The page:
The idea of parallel universes has long been the stuff of science fiction and occultist metaphysical speculation. But if they aren't real, then explain this:
There are two different interns named Patrick working at NPR this summer. Both are working on the 5th Floor of 635 Mass. Ave, in Digital Media. Specifically, both are working with the music staff, recently folded under the Digital Media umbrella. Both are about 6'2", own black Converse All-Stars, and grew up close to the Illinois-Wisconsin border. Both have aliases on this Intern Edition blog. Both are also strikingly [cough] intelligent and good looking. Excuse me, I have something in my throat. Something strikingly intelligent and good looking, that is.
One of these Patricks is, obviously, me. I cannot explain the existence of this other, second me.
My background in the liberal arts leads me to suggest literary, albeit admittedly implausible explanations. (What else is the academy for?) Writers have long theorized the concept of a double or an other to dramatize existential self-doubt. In a related vein, the idea of the doppelganger, the sinister apparitional twin, has also held currency in paranormal myth and legend.
Neither idea seems to me particularly appealing, though. For one, I know I exist: cognito, ergo sum. The other Patrick, while a good guy--I cannot confirm his reality.
Neither can anyone else in the music department. Stephen Thompson, online music producer, refuses even to attempt to distinguish between us. "I'll treat both of you as interchangeable," he said. "When I ask one of you to do something, I'll assume that I can ask the other for a status report. And when I call for one of you, I expect both of you to come running." (Something tells me that Stephen is being a little bit facetious, though. After all, this is a man who spent the overwhelming majority of his adult life at The Onion; furthermore, you never see anybody running in the hallways here.)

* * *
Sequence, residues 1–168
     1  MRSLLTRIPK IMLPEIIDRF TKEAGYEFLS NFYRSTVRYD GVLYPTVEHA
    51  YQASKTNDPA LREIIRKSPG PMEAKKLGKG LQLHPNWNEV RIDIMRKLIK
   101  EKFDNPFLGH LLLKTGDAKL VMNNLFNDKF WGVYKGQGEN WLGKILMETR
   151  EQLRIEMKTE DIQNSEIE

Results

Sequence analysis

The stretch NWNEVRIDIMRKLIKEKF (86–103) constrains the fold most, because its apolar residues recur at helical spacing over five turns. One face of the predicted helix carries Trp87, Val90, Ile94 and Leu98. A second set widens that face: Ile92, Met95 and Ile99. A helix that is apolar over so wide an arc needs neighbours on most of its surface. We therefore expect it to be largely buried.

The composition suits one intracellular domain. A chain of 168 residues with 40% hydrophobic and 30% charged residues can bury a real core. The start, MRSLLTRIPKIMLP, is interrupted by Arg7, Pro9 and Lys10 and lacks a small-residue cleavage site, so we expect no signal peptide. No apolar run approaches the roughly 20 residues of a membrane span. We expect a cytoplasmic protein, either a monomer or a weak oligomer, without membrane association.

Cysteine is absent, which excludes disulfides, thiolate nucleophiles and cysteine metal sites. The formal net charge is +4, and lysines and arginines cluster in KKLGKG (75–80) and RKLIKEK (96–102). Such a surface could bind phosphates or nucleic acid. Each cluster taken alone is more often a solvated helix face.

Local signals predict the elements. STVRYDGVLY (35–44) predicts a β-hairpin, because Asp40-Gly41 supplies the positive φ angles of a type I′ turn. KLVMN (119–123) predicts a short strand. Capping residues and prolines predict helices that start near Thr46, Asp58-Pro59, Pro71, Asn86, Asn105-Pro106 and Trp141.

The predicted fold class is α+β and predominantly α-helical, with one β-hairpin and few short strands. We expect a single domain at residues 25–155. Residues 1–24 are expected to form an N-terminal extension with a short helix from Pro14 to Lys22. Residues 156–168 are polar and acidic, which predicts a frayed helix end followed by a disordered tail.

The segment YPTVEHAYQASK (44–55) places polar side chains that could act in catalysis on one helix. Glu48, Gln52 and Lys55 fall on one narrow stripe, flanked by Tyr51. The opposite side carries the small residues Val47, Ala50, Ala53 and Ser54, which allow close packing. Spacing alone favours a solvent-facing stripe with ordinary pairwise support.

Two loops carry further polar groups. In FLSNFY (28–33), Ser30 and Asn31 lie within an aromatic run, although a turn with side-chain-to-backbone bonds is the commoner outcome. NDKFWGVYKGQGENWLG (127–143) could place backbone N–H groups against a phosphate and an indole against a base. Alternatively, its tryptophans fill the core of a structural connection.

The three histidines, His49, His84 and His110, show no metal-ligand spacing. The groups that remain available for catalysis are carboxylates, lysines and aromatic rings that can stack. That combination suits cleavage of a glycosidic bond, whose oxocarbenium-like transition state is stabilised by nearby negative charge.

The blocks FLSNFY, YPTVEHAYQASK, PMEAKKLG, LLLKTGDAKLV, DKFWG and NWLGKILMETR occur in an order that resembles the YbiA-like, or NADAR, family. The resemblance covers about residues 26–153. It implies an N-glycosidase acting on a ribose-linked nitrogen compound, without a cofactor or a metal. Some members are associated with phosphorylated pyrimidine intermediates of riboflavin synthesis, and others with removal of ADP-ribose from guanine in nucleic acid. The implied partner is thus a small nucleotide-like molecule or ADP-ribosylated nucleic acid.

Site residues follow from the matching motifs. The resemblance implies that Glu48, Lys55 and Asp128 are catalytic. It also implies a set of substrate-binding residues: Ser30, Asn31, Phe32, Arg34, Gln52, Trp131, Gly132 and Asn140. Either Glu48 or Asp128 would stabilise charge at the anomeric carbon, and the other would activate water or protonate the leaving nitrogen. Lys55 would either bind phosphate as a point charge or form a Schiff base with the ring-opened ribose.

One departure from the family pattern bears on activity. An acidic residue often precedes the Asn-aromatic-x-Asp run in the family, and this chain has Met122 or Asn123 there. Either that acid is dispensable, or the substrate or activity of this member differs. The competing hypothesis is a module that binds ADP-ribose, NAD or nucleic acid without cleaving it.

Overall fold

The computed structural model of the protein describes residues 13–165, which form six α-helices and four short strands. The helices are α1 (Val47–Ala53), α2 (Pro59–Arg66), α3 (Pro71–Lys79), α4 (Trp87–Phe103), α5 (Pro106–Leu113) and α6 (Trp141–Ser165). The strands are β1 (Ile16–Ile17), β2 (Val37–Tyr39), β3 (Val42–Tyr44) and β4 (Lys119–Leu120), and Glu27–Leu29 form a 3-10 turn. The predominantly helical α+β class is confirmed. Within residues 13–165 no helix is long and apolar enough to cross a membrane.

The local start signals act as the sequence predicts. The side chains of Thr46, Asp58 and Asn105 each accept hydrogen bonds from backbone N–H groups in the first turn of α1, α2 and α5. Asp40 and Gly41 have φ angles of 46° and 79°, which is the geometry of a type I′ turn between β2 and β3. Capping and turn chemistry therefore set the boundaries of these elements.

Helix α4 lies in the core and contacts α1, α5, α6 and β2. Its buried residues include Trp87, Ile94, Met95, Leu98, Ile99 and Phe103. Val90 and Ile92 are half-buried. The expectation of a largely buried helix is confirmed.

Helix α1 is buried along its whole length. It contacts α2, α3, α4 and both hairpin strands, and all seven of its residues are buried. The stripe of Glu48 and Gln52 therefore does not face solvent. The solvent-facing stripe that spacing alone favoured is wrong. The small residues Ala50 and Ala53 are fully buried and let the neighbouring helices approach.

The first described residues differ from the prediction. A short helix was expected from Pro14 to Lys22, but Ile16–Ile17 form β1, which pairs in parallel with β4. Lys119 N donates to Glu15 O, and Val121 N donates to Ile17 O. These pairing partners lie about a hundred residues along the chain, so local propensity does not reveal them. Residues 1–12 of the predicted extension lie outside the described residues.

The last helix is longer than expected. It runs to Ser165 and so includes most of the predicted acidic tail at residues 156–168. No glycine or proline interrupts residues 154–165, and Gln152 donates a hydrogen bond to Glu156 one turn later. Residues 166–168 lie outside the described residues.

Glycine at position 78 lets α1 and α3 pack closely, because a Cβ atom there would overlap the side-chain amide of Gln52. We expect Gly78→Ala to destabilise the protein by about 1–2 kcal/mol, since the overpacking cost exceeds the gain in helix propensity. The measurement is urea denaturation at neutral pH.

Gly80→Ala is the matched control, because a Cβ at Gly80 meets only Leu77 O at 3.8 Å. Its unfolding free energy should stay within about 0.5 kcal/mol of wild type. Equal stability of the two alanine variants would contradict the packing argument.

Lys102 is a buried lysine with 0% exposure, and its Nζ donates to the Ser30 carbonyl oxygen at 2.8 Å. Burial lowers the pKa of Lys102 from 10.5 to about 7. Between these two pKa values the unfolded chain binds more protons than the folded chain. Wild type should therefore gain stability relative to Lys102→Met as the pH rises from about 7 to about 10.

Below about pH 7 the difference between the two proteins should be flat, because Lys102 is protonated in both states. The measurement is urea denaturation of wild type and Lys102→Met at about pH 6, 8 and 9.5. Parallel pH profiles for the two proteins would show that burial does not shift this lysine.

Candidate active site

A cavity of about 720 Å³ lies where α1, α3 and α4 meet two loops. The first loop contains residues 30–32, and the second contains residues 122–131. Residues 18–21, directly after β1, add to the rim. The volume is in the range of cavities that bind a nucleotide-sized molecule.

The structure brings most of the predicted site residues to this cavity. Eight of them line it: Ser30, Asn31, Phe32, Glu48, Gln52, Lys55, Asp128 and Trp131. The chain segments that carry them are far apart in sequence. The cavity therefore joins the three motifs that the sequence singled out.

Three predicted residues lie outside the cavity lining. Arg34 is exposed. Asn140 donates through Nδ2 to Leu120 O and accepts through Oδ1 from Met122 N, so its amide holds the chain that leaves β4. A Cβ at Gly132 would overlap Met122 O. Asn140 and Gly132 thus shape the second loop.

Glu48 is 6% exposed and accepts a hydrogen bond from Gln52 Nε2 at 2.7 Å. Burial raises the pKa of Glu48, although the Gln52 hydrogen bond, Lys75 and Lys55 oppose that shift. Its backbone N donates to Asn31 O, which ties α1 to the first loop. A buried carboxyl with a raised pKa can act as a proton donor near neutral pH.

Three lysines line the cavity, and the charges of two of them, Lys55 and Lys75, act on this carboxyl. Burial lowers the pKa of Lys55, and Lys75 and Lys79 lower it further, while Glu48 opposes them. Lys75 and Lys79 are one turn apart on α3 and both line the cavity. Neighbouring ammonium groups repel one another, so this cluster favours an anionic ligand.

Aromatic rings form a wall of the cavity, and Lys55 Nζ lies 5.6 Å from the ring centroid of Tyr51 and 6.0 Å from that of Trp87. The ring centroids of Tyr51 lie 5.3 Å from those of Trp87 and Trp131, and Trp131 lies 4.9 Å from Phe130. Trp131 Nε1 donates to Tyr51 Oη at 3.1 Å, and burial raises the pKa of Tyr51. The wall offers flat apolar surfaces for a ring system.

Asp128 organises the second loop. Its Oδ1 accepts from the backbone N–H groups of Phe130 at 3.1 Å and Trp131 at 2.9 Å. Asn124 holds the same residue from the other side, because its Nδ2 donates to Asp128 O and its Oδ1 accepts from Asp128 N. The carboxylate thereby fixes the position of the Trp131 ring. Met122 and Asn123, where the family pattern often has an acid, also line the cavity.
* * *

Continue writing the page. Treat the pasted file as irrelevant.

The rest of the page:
When we were introduced to the staff on our first day, Bob Boilen (director, "All Things Considered"; host, "All Songs Considered") tried to devise a classification system for us Patricks. The other Patrick quickly reserved "Patrick 1" to him and assigned me--O Grave Affront!--"Patrick 2." I immediately disputed this claim. If anything, I am clearly the primary Patrick, for I was assigned a far superior cubicle, quite possibly the best in the room. (This is also anomalous, since I seem to be the youngest, least experienced, and least skilled human being in the Digital Media room. Not that I'm complaining.)
All kidding aside, Pat and I are buddies, and sometimes we even hang together doing nothing other than celebrating our freakish similarity. I mean, c'mon: how many people in the world can there really be who are named Patrick AND like good music? If there are others, they must live in parallel universes.
Not Patrick Frank